The University of Oregon’s eighth appearance in the Rose Bowl is one for the history books. The student-athletes earned a nail-biting victory over the University of Wisconsin Badgers. The UO was also represented by more than the football team. A flock of fans, alumni, students, faculty, fundraisers, and admissions experts took part in a host of Rose Bowl activities that shined a spotlight on UO academics and what it means to be a Duck.
Rose Bowl Win
Final Score: Oregon 28, Wisconsin 27
Date: January 1, 2020
The UO’s rich history with the granddaddy of them all and strong connection to Southern California made the Rose Bowl a special opportunity to connect with alumni and students alike at admissions events, service projects and pregame celebrations.
The UO is a top out-of-state choice for California students, and more than 10 percent of the student body hails from the southern half of the state. The region is also home to more than 10,000 alumni, making it the largest network outside of Oregon.
And, while the Ducks and Badgers competed on the field, the two universities have more in common than just success on the gridiron. Both schools are the public flagship universities of their respective states and world-class research universities.
UO and UW faculty collaborate on life-changing science, support programs to boost students in STEM fields, and will team up to serve the community while in Pasadena.
The University of Oregon’s trip to Rose Bowl was something special. You can relive all the moments right here.
Rose Bowl News and Notes
Did You Know?
Wisconsin might be the largest producer of cheese in the United States, but Oregon is home to the World's Best Cheese. Rogue Creamery's Rogue River Blue cheese was just named the best in the world at the 2019 World Cheese Awards in Bergamo, Italy.
Excellence in Research
The University of Oregon and the University of Wisconsin have more in common than just success on the gridiron. A pair of recent research collaborations highlight the scholarship of faculty members from both institutions – with a nautical twist.
Ducks in Hollywood
The silver screen and your TV screen alike are filled with Ducks, from Sam Elliott, former UO hurdler and star of The Ranch and A Star is Born, to Daniel Wu, BARC ’97 (architecture), star of Into the Badlands, Warcraft, and Tomb Raider.
Some of the Ducks who are making waves in Hollywood
Back in 1917, when the Ducks played in the third-ever Rose Bowl, things were a lot different. For starters, they weren’t the Ducks. And it wasn’t the Rose Bowl.
But thanks to the team that stunned Penn in 1917, the Webfoots’ performance finally brought national attention to the football played on the West Coast.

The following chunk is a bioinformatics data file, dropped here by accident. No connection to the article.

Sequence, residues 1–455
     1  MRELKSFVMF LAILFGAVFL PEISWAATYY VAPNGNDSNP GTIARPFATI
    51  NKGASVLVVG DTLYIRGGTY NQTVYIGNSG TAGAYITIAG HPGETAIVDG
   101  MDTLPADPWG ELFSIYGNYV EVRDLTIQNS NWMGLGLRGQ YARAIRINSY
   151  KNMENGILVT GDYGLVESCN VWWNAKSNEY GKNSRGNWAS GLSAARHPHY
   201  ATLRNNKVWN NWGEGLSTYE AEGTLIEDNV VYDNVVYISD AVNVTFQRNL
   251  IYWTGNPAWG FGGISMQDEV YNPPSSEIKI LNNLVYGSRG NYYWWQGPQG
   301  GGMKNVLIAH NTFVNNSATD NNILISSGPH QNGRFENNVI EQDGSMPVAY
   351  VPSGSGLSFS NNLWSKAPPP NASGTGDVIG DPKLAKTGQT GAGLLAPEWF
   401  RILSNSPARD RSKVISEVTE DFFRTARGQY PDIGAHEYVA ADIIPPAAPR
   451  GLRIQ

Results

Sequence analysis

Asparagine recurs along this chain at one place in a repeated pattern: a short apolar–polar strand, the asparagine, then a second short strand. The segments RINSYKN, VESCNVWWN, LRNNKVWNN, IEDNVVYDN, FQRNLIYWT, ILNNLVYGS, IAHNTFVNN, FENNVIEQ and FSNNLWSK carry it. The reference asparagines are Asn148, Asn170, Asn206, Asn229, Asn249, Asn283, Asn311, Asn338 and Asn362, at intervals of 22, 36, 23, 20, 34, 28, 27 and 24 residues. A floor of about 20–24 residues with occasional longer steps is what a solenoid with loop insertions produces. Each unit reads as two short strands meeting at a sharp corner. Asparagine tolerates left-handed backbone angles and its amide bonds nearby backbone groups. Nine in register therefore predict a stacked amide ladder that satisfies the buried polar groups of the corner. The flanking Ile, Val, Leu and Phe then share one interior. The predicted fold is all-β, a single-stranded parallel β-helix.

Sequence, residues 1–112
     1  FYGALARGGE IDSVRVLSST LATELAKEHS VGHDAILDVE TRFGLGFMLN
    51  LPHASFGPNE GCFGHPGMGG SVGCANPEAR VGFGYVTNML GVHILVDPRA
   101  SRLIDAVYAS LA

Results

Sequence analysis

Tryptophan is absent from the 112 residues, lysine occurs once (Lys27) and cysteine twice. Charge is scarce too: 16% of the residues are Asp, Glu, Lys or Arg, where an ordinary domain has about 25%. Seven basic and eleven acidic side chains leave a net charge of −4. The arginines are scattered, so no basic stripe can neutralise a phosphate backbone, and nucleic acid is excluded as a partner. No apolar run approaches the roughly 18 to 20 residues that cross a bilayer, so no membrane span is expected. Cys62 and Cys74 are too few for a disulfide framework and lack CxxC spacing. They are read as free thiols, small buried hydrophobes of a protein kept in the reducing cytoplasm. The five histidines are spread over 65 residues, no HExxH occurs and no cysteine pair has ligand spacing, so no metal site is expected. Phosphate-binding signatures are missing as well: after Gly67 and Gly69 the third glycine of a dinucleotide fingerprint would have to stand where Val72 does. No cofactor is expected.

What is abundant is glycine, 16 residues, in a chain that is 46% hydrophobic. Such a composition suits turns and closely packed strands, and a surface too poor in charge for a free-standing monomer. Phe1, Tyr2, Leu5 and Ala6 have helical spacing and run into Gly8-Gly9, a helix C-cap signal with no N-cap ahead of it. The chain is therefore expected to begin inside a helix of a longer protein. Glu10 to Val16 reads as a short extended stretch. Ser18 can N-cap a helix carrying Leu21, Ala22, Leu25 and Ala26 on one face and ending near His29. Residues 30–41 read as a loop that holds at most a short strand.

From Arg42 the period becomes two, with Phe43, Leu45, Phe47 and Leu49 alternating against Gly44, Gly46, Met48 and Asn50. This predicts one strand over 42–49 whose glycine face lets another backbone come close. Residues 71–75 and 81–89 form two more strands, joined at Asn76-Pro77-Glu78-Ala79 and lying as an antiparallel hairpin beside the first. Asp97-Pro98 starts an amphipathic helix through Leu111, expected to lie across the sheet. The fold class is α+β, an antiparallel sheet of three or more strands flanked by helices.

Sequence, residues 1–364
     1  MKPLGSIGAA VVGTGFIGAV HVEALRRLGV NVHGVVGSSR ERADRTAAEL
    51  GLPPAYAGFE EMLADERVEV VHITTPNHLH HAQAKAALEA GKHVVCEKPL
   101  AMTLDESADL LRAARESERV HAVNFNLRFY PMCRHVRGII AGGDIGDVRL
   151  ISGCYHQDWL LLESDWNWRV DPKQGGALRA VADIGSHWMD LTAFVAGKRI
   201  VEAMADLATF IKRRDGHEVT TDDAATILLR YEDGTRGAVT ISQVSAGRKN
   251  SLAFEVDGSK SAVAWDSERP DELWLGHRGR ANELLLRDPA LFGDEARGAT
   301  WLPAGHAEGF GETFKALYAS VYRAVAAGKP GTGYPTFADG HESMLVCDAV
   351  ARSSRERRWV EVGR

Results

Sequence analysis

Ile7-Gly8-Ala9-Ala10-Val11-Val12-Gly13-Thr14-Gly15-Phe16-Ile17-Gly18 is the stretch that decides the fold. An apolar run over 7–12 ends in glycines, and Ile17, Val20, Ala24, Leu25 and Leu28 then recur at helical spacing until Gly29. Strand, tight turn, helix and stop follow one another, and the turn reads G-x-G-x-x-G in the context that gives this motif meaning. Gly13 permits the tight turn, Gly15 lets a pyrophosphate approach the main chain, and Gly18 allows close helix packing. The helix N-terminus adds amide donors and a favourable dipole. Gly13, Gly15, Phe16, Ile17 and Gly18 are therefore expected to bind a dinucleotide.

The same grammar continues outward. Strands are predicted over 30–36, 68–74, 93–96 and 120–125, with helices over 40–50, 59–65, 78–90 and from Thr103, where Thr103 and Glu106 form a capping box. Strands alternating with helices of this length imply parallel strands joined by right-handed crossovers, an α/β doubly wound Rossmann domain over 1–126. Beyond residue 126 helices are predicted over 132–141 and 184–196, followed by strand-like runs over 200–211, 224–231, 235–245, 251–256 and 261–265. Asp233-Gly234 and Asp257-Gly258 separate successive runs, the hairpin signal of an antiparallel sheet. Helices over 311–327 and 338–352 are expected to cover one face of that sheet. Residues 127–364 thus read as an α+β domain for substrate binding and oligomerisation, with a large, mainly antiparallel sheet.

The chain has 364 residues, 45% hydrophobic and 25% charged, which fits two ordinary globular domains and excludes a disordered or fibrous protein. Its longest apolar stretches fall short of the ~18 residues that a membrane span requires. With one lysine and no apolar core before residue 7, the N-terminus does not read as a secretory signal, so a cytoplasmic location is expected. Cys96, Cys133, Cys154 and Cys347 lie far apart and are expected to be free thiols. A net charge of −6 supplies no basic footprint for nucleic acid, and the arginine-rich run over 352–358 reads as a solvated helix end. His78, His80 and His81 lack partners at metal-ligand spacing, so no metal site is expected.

Historical photos courtesy of UO Libraries
Did You Know?
Prior to the composition of “Mighty Oregon” by Oregon Marching Band director Albert Perfect and journalism student DeWitt Gilbert in 1916, the Oregon Marching Band had “borrowed” “On Wisconsin” as UO’s fight song. And without “Mighty Oregon,” how would we have ever learned to Throw the O?
We Still Love Our Ducks
Ten years ago this fall, the Ducks were poised to take on Ohio State in the Rose Bowl, behind first-year coach Chip Kelly, Jeremiah Masoli, LaMichael James, and LeGarrette Blount.
Back when student-produced viral videos could still surprise, then UO seniors Michael Bishop BA ’10 (magazine); Jamie Slade, BA ’10 (advertising); and Brian McAndrew, BS’10 (electronic media production), collectively known as Supwitchugirl, professed their love for Oregon football in a music video—“I Love My Ducks (I Smell Roses).”
The trio initially took heat from the university for unauthorized use of The Duck mascot.
“We put it on YouTube just for fun,” McAndrew said. “Honestly, things didn’t take off until the university asked us to take it down.”
UO officials and the group quickly made nice, leading to a live performance at the Rose Bowl pep rally at Santa Monica Pier.
The next year, the group premiered “I Love My Ducks (Return of the Quack)” on The Dan Patrick Show. The sequel featured Duck legend Joey Harrington, and later that year the group performed live for an estimated crowd of 30,000 at a Phoenix-area pep rally before the national title game against Auburn.
Millions of YouTube views later, McAndrew oversees multimedia and video work for a health food company. Slade is a senior producer for a major advertising agency. And Bishop is a Portland-based freelance copywriter, who works for major brands.
Now, the Twittersphere is alive and well in 2019 with @supwitchugirl hinting at an unlikely come back, perhaps involving rapper Big Boi, who’s son Cross Patton is a freshman running back for the Ducks.